Although Kampong Ayer may look like a slum at first glance, don’t let that fool you. Not everyone in the village maintains a traditional lifestyle. Some of them are proud owners of those flashy cars you might see parked along the waterfront.
The wealthier residents live in two-storied concrete houses and may even have their own fiber motorboats, while the rest live in wooden houses with zinc roofs and use wooden boats. However, despite the huge disparity, all households — rich or poor — are supplied with electricity and clean water.
Kampong Ayer comes with all the facilities and conveniences one would expect in any regular neighborhood, including garbage disposal system, petrol stations, grocery shops, a community hall, and a post office. And of course, Wi-Fi is also available throughout the village.
Most residents are fishermen and boatmakers, but there are also government officers and those who work in the private sectors in the city. These people commute by boat every day to get to their cars that are parked along Jalan Residency. The local police force and fire brigade have their own speedboats to get around the labyrinth of houses and boardwalks.
Due to its status as a national landmark, Kampong Ayer receives a substantial amount of annual budget from the government.
Where to Stay in Bandar Seri Begawan, Brunei
Poni Homestay – Located in Muara, this accommodation is 1.6 km to Serasa Ferry Terminal, 3.5 km to Serasa Beach, and 4 km to Muara Beach. Guests can enjoy complimentary use of bicycle to explore the area. The homestay also operates a dive center on Serasa Beach. Free WiFi is available throughout the property. From BND 30 (USD 22) for a Small Twin Room with breakfast.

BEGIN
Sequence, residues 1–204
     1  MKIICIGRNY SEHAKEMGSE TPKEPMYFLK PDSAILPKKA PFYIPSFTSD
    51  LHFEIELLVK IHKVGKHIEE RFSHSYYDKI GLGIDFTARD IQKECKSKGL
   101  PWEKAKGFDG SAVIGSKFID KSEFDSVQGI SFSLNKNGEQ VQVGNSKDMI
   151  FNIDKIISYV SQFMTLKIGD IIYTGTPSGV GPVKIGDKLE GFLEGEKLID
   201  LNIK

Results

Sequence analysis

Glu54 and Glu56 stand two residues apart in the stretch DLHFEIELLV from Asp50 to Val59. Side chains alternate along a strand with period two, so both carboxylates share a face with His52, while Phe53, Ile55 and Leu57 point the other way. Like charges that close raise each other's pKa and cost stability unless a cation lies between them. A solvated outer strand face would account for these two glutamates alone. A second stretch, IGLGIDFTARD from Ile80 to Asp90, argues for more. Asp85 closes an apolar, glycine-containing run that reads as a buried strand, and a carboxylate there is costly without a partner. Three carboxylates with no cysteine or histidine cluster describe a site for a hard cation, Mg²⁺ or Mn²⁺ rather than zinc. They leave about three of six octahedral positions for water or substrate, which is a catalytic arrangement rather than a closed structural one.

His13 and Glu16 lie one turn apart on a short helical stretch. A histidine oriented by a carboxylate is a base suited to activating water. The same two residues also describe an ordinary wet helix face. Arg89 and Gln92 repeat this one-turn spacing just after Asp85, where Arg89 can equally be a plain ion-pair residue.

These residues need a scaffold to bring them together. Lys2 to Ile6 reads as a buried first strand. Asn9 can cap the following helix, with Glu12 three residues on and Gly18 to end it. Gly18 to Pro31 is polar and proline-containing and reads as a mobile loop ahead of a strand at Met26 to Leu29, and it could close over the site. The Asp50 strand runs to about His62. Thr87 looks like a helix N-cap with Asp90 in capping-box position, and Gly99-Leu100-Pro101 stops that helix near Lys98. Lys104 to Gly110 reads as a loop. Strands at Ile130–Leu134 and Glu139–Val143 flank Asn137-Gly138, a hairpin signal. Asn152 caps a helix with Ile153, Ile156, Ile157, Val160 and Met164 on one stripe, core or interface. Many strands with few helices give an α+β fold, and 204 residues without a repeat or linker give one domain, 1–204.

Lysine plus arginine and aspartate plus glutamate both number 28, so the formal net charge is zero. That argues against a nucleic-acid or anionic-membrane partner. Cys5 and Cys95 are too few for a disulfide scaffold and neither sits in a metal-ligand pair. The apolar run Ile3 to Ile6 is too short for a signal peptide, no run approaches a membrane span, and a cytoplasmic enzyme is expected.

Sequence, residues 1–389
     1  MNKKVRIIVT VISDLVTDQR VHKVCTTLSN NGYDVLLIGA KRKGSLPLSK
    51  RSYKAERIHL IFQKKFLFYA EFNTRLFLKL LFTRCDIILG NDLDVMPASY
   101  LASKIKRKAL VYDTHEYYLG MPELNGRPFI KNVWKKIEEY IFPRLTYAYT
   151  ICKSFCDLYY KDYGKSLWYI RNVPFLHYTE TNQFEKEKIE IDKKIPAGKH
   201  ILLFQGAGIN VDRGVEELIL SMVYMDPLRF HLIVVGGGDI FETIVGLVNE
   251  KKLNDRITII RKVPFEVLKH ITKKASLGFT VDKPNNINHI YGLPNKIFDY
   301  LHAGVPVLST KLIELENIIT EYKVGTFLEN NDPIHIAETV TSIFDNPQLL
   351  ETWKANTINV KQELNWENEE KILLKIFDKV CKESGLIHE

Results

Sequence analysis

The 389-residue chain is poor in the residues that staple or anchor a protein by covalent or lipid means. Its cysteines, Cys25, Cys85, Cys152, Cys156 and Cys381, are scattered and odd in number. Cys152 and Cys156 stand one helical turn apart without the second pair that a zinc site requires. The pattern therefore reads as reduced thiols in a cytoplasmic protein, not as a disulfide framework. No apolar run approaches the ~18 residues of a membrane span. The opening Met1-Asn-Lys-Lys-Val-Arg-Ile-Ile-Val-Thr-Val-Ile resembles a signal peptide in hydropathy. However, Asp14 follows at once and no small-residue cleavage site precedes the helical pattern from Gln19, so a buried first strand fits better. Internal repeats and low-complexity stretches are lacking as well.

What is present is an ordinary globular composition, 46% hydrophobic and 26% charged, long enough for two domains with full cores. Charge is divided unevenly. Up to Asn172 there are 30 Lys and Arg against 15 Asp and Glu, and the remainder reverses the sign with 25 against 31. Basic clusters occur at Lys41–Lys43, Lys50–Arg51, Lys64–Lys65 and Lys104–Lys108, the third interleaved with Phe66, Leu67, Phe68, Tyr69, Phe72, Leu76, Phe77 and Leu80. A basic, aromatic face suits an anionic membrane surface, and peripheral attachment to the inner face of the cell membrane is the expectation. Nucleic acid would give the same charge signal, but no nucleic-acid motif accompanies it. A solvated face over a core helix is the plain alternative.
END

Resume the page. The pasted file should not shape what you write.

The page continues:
Badi’ah Hotel – Located slightly away from the hustle and bustle of the city, Badi’ah Hotel features a swimming pool and two in-house restaurants. It is 2.3 km away from the Royal Regalia Museum, the Brunei History Center, and 3 km away from the Water Village Gallery. Complimentary scheduled airport transfers are available upon request. Room rates start from BND 80 (USD 60) for a Standard Room.
Radisson Hotel Brunei Darussalam – A 5-star hotel boasting an outdoor swimming pool, a fitness center, a business center, and rooms with pool view. The hotel also offers currency exchange, concierge, and car rental services. Nearby attractions are the Royal Regalia Museum (400 m) and the Sultan Omar Ali Saifuddien Mosque (1.7 km). Rates start from BND 170 (USD 125) for a Superior Double/Twin Room, including breakfast.
Final Thoughts on Kampong Ayer, Brunei Darussalam
Kampong Ayer is a must-visit if you ever come to Brunei. It is a fascinating study in contrasts and can give you a better insight into the local life in Brunei.
The good thing about Brunei is that the citizens are well taken care of financially. Therefore, although Kampong Ayer is a tourist attraction, you won’t find anyone trying to sell you souvenirs. When you take the water taxis, there’s no haggling required. You pay a fixed fare, just like everyone else. If you’ve been traveling in other Southeast Asian countries, I’m sure this is a refreshing change.
However, please remember that although this is a tourist attraction for you, it is their home. So, please be respectful and know your boundaries. Refrain from making too much noise and if you wish to take pictures of the residents, please ask for permission beforehand.
Have you been to any floating village before? Where was it and what was your experience like? Share your story in the comment section below.